Nonetheless, it has to be said the TFG/Ethiopian forces sure made this campaign look easier than anyone expected, so far anyhow...the question is whether they'll be able to build anything lasting out of what they've achieved militarily over the last few weeks.
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Old 04-25-2007, 05:00 PM   #3
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In Somalia, Those Who Feed Off Anarchy Fuel It

By JEFFREY GETTLEMAN
New York Times, April 25, 2007


GALKAYO, Somalia — Beyond clan rivalry and Islamic fervor, an entirely different motive is helping fuel the chaos in Somalia: profit. A whole class of opportunists — from squatter landlords to teenage gunmen for hire to vendors of out-of-date baby formula — have been feeding off the anarchy in Somalia for so long that they refuse to let go. They do not pay taxes, their businesses are totally unregulated, and they have skills that are not necessarily geared toward a peaceful society.

In the past few weeks, some Western security officials say, these profiteers have been teaming up with clan fighters and radical Islamists to bring down Somalia’s transitional government, which is the country’s 14th attempt at organizing a central authority and ending the free-for-all of the past 16 years. They are attacking government troops, smuggling in arms and using their business savvy to raise money for the insurgency. And they are surprisingly open about it. Omar Hussein Ahmed, an olive oil exporter in Mogadishu, the capital, said he and a group of fellow traders recently bought missiles to shoot at government soldiers.

“Taxes are annoying,” he explained.

Maxamuud Nuur Muradeeste, a squatter landlord who makes a few hundred dollars a year renting out rooms in the former Ministry of Minerals and Water, said he recently invited insurgents to stash weapons on “his” property. He will do whatever it takes, he said, to thwart the government’s plan to reclaim thousands of pieces of public property. “If this government survives, how will I?” Mr. Muradeeste said.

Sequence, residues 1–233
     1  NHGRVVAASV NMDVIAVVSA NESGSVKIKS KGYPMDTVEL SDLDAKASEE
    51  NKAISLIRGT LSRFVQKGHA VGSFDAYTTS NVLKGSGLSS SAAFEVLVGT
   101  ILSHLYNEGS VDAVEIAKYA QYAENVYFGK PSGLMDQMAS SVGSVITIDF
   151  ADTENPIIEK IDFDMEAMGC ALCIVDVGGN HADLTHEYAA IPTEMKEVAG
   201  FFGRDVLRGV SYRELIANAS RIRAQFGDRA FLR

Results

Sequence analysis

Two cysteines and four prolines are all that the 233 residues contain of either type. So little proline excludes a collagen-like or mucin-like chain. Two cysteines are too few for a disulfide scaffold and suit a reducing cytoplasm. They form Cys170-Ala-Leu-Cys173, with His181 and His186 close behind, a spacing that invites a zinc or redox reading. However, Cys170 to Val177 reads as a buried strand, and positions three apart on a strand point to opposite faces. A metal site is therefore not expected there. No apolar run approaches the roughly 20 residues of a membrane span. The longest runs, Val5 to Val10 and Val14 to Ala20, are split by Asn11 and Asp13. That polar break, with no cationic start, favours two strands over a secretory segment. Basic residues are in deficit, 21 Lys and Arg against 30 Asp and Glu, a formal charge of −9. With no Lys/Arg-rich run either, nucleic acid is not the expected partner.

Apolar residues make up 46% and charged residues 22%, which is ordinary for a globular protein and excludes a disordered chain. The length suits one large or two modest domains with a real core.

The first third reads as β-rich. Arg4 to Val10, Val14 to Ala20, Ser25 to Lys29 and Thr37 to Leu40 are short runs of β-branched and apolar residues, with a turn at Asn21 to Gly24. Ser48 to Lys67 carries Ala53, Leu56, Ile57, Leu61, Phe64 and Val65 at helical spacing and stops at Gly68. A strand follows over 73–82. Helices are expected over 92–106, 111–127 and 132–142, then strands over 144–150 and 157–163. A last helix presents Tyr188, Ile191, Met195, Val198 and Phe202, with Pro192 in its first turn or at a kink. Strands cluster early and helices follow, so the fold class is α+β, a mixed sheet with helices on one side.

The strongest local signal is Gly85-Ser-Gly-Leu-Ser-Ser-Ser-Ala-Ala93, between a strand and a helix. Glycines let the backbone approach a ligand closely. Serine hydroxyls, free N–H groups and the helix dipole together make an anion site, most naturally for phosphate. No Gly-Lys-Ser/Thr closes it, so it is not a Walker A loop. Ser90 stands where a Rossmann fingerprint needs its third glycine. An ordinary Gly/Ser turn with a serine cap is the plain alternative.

Layer this problem on top of Somalia’s sticky clan issues, its poverty and its nomadic culture, and it is no wonder that the transitional government seems to be overwhelmed by the same raw antigovernment defiance that has torpedoed earlier attempts at stabilizing the country. Granted, many of the transitional leaders acknowledge that they have made mistakes and that they have not played the clan politics as deftly as they could have. But they say they believe that there are some Somalis — actually, many Somalis — who will never go along with any program.

In the past month, the resistance has intensified and more than 1,000 people have been killed or wounded as the country has sunk into its deepest crisis since the famine days of the early 1990s. Most of the victims are civilians, like Amina Abdullahi, who recently fled Mogadishu with two small children holding her hands and a baby tied to her back. “I don’t understand why this is such a problem,” she said. “If people don’t like this government, can’t they wait until there is an election and vote them out?”

American diplomats had mostly shied away from Somalia since the infamous “Black Hawk Down” episode in 1993 when Somali militiamen shot down two American helicopters and killed 18 United States soldiers. But now the Americans are involved again, driven by a counterterrorism agenda and armed with a pledge of $100 million to rebuild the country. And it is exactly this kind of hefty support that is fueling the resistance’s urgency, because the opportunists sense that this transitional government, more than any other, poses the biggest threat yet to the gravy days of anarchy.